In addition to more than 100 workshop sessions, ProLiteracy has put together an impressive list of keynote speakers to educate, entertain, and inspire the conference attendees.

Dan Pallotta is a builder of movements. He invented the multi-day charitable event industry. He created the Breast Cancer 3-Day walks and the multi-day AIDS Rides, which raised more than a half a billion dollars in nine years. The model and methods he created are now employed by dozens of charities and raise more than $100 million annually. Pallotta is also the author of Uncharitable: How Restraints on Nonprofits Undermine Their Potential, and Charity Case: How the Nonprofit Community Can Stand Up for Itself and Really Change the World. He is the founder and president of the Charity Defense Council, a national leadership movement dedicated to transforming the way the donating public thinks about charity and change. He is also the Founder and Chief Humanity Officer of Advertising for Humanity, a full-service brand and inspiration agency for the humanitarian sector.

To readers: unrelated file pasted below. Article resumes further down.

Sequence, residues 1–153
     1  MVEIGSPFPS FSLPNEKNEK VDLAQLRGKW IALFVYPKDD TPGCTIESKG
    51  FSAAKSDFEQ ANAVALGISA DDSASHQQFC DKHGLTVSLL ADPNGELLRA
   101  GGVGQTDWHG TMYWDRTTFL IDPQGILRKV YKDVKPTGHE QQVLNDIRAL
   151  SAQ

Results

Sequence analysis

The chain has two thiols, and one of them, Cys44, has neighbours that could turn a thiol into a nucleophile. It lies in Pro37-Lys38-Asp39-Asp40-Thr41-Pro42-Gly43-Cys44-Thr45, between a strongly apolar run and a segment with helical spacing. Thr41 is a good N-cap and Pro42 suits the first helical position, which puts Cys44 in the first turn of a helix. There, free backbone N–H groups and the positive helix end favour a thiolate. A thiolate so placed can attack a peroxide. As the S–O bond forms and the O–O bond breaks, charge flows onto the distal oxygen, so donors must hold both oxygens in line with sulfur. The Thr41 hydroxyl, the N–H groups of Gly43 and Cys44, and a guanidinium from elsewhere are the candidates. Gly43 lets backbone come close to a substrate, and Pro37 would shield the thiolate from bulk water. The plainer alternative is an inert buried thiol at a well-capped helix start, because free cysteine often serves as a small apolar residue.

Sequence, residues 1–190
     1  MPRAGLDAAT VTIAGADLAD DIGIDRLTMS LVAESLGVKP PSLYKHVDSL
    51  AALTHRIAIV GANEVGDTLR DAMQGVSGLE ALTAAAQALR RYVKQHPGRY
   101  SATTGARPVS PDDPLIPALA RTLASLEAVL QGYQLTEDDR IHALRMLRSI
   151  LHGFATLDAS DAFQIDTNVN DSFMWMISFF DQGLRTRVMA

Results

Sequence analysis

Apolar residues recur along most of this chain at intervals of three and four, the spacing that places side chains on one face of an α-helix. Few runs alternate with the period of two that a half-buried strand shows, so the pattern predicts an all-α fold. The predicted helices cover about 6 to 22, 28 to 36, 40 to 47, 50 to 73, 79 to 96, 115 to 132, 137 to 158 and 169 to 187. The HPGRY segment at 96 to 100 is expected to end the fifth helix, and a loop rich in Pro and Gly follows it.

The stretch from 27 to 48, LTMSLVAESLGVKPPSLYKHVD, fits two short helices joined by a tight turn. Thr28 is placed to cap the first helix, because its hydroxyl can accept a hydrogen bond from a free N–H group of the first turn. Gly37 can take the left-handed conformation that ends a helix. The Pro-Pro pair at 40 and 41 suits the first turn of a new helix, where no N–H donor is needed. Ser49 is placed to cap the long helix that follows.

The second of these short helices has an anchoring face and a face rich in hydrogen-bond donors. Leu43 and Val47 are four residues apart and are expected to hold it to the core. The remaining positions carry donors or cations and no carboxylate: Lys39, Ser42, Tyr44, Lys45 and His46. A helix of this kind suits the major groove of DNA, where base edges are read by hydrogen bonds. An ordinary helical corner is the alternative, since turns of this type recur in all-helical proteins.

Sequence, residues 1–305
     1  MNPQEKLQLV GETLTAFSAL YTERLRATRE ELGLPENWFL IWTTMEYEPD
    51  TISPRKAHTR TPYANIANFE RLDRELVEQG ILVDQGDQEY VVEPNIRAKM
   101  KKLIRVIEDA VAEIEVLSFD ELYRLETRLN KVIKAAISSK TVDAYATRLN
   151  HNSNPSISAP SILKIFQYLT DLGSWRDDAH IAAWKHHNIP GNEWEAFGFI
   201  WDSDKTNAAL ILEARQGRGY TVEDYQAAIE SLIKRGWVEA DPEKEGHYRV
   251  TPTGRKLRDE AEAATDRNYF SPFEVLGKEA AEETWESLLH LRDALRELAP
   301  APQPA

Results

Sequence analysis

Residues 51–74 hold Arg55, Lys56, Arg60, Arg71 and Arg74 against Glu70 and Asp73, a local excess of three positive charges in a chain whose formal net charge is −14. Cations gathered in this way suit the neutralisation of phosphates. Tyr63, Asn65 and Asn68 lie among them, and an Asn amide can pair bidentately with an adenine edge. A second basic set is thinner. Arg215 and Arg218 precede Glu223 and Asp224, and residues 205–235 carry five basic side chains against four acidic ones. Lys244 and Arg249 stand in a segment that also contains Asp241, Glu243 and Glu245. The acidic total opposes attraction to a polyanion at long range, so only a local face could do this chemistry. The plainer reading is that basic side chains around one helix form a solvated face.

According to Pallotta, “The economic starvation of our nonprofits is why we are not moving the needle on great social problems. The nonprofit sector is critical to our dream of changing the world. Yet there is no greater injustice than the double standard that exists between the for-profit and nonprofit sectors. One gets to feast on marketing, risk taking, capital and financial incentive, the other is sentenced to begging.”

Dan is a featured weekly contributor to the Harvard Business Review Online. His iconic 2013 TED talk has been viewed more than 3 million times and is one of the 100 most-viewed TED talks of all time.

Craig J. Boykin is a renowned keynote speaker, author, entrepreneur, business coach, and inspirational leader. Boykin has risen to national prominence by delivering a high-energy message that tells people how to shake off mediocrity and live up to greatness. He transformed his adversities into methods that motivate millions with his amazing story of going from GED to PhD. Boykin’s personal mission is to communicate that nothing can stop you once you make the decision to achieve your dreams. Boykin published his first book, My Life, Your Inspiration, in 2013 and travels the country presenting his seminar “Make Life Count.” He has won various awards, and his story has been shared in many inspirational and motivational magazines.